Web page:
By Elisha Brown
In August, Kansas voters soundly rejected an anti-abortion constitutional amendment by a 59% to 41% margin, according to the Secretary of State election results. The amendment proposed by the Republican-controlled Legislature was a victory for reproductive rights as Kansans endorsed keeping abortion protections in the state constitution.
“We will not hand over our constitutional rights and our bodily autonomy to the government, and we will take care of each other and look out for each other because that is what Kansas is all about,” Rachel Sweet, the former campaign manager for Kansans for Constitutional Freedom, a group that encouraged voters to vote “no” on the measure, told Kansas Reflector after the win.
But abortion access is back in the spotlight, the Reflector reported: “Justices of the Kansas Supreme Court grilled the state solicitor general Monday about an appeal asking the state’s highest court to reverse its 2019 opinion finding the right to abortion was embedded in the Kansas Constitution and then pivot to affirm a state law banning an abortion procedure.”
Meanwhile, Republican lawmakers are continuing their push to restrict anti-abortion legislation in the state despite voters’ record turnout and the message they sent in defeating the proposed amendment. In the Kansas Reflector podcast, reproductive rights advocates argue legislators' bills do not reflect the will of Kansas residents.
Kansas high court hears abortion rights challenges
Anthony Powell, the state solicitor general hired by anti-abortion rights Attorney General Kris Kobach, asked Kansas Supreme Court justices to reconsider abortion as a state constitutional right and allow a ban on the dilation-and-evacuation procedure, a common type of surgical abortion, Kansas Reflector reported Monday. The six justices – K.J. Wall recused himself – appeared skeptical of the state’s argument. Powell argued that the court took the word liberty out of context and applied it broadly as applying to personal autonomy.
Alice Wang, a Center for Reproductive Rights attorney, said there was no justification for the high court to revisit its 2019 decision that embedded the right to an abortion in the state constitution. (In another abortion rights case, a lawyer for CRR asked the high court to strike down laws that target regulation of abortion clinics.) Justice Melissa Taylor Standridge, appointed by Democratic Gov. Laura Kelly, said the state lacked sufficient evidence to characterize the surgical abortion procedure as heinous, and Justice Eric Rosen, an appointee of Democratic former Gov. Kathleen Sebelius, said a ban on the method would place a mother’s life at a greater risk.
“The question here involves such a big one — we’re talking about interpretation of our state Constitution, really a case of first impression that involves a very important issue of abortion rights,” said Powell, who argued the U.S. Supreme Court’s reversal of Roe qualifies as a reason to revisit the state’s 2019 abortion ruling.
Anti-abortion bills ignore will of Kansans, advocates say
A majority of Kansans soundly defeated an anti-abortion constitutional amendment in August, but the Republican lawmakers have ignored the result of that direct ballot initiative this session, Kansas Reflector explored in a recent podcast episode. Instead, lawmakers have pushed a flurry of anti-abortion bills that aim to fund anti-abortion centers, ban telehealth abortions and promote a debunked abortion reversal process, among other proposals.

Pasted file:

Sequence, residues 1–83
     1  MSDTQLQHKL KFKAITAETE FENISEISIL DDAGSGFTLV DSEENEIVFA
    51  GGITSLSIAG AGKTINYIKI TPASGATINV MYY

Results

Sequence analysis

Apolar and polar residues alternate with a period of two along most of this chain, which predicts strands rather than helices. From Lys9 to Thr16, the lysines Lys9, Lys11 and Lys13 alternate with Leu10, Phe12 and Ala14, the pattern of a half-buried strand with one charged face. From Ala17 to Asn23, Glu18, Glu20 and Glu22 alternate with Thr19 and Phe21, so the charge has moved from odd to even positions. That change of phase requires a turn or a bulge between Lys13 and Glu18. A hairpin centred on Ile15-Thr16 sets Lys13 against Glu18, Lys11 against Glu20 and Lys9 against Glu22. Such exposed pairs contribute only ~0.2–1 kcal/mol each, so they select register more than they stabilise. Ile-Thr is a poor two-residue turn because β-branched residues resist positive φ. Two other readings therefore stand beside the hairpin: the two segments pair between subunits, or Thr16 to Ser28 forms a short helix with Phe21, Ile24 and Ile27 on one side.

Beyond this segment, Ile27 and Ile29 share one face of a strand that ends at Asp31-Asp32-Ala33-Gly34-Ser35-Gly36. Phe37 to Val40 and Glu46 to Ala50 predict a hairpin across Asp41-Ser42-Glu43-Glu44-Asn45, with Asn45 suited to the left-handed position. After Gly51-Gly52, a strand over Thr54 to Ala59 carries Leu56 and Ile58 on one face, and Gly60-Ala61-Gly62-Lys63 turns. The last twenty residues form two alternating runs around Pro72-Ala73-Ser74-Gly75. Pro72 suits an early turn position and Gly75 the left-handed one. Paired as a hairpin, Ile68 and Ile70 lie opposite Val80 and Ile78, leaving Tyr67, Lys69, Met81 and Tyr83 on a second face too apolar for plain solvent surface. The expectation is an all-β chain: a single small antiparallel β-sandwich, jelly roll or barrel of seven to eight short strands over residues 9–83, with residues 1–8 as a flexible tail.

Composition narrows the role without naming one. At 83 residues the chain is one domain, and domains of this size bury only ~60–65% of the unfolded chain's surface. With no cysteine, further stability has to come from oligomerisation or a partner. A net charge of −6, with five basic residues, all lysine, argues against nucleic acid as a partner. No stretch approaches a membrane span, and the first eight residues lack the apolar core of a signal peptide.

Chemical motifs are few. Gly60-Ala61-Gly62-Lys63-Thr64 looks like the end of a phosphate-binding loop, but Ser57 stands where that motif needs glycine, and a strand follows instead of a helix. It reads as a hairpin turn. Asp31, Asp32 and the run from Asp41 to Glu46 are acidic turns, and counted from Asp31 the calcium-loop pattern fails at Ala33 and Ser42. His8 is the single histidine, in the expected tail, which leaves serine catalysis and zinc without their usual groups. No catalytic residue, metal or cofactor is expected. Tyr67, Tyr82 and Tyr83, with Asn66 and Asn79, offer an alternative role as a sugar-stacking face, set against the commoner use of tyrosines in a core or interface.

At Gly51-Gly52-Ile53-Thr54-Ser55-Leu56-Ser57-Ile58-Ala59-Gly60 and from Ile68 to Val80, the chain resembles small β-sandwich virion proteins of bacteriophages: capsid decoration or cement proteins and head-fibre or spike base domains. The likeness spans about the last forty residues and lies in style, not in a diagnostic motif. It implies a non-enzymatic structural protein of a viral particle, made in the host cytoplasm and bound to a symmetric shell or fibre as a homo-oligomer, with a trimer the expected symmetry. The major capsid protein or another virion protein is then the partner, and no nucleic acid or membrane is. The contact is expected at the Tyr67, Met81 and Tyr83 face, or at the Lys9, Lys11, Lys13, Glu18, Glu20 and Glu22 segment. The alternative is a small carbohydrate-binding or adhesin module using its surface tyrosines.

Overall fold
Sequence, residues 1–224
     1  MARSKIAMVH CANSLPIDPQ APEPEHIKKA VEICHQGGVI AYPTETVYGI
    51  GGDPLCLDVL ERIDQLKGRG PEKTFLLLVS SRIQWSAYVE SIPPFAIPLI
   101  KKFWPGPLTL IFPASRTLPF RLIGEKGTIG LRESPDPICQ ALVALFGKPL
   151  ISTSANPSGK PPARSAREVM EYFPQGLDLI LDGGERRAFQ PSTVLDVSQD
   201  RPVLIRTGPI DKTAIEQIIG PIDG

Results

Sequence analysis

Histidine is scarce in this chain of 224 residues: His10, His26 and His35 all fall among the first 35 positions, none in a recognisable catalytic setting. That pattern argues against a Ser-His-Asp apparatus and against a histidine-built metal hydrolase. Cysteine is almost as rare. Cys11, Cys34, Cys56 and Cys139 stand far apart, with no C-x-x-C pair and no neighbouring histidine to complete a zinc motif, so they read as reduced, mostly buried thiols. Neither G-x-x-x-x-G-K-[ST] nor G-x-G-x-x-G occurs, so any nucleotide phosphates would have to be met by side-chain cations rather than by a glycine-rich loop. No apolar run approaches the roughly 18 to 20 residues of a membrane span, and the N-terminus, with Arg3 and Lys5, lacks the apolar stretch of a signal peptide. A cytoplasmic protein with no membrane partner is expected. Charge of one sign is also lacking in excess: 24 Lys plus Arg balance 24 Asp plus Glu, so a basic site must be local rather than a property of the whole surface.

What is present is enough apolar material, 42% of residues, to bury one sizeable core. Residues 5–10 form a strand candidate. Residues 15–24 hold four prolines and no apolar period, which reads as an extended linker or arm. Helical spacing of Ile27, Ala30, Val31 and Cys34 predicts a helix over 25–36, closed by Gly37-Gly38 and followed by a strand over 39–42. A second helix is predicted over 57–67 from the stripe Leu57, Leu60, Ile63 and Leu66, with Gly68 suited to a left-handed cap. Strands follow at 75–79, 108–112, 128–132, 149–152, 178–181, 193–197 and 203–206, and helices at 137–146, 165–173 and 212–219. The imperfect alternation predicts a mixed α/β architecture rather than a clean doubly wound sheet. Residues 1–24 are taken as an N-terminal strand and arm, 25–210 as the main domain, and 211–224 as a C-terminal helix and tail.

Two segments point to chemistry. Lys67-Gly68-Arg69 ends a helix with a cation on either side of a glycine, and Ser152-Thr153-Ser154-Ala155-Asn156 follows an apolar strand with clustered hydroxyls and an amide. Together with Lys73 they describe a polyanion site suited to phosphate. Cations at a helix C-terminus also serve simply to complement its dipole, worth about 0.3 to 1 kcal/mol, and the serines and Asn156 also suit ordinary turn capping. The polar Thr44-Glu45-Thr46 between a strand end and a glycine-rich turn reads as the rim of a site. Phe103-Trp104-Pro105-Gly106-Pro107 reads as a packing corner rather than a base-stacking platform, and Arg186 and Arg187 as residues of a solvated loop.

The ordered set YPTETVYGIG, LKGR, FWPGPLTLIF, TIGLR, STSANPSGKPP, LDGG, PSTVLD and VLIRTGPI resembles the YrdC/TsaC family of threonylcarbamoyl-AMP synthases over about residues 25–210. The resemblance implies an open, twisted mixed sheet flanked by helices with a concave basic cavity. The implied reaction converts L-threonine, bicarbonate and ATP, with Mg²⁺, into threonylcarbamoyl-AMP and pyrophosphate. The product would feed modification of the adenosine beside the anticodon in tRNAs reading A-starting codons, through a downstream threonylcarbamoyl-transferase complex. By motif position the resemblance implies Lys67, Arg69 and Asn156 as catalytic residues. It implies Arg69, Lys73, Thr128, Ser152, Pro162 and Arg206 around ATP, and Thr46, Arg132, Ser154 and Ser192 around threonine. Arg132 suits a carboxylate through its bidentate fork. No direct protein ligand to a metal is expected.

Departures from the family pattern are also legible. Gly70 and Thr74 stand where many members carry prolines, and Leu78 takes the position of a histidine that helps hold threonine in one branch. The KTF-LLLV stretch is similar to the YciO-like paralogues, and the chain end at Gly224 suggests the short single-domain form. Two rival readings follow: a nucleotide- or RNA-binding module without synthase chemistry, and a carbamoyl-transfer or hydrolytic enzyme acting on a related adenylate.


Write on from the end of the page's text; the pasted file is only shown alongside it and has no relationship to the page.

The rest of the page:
“To now come back and say that folks didn’t know what they were voting on and that’s why they are justifying all these new bills to restrict the right to abortion in the state of Kansas, I just think that that is a little bit disingenuous,” said Chloe Chaffin, program lead for Loud Light and the chapter president of Washburn Unite for Reproductive and Gender Equity. “It just hurts my heart as a Kansan, frankly.”
Texas abortion funds active again
We placed this news in The Pulse Monday but it’s worth revisiting: Texas abortion funds have started raising money again after a court ruling last month, Texas Tribune reported Friday.
In February, a federal judge granted a temporary injunction that blocked county prosecutors from criminally charging people who help people get abortions outside the state. The ruling does not apply statewide but still gave abortion funds some leeway, according to The Tribune.
After Roe fell, abortion funds stopped paying for out-of-state abortions and travel expenses for fear of breaking several of the state’s anti-abortion laws. Lilith Fund, Fund Texas Choice and Texas Equal Access Fund have reopened their hotlines for abortion seekers and resumed accepting donations. Anti-abortion rights advocates have continuously threatened to sue the funds for helping Texas get out-of-state abortions.
“With abortion no longer an option in South Dakota under most circumstances, anti-abortion activists have a responsibility to be truly pro-life rather than just pro-birth.” – Dana Hess, columnist, South Dakota Searchlight
- A group of 22 Democratic lieutenant governors joined the multi-state reproductive rights coalition. (Pennsylvania Capital-Star.)
- Medicaid expansion in North Carolina will likely cover child care workers at private centers. (NC Policy Watch.)
- Senate Democrats sent a letter to the Defense Secretary Lloyd Austin Monday urging the military to protect the Pentagon’s new reproductive health policies, which faced criticism from Republicans. (NBC News.)
- Florida’s health care agency fined 14 abortion clinics nearly $500,000 total for violating a previously dormant 24-hour waiting period law that targets providers. (Politico.)
- Private plane pilots are helping fly people to states that allow abortions and gender-affirming health care. (NPR.)
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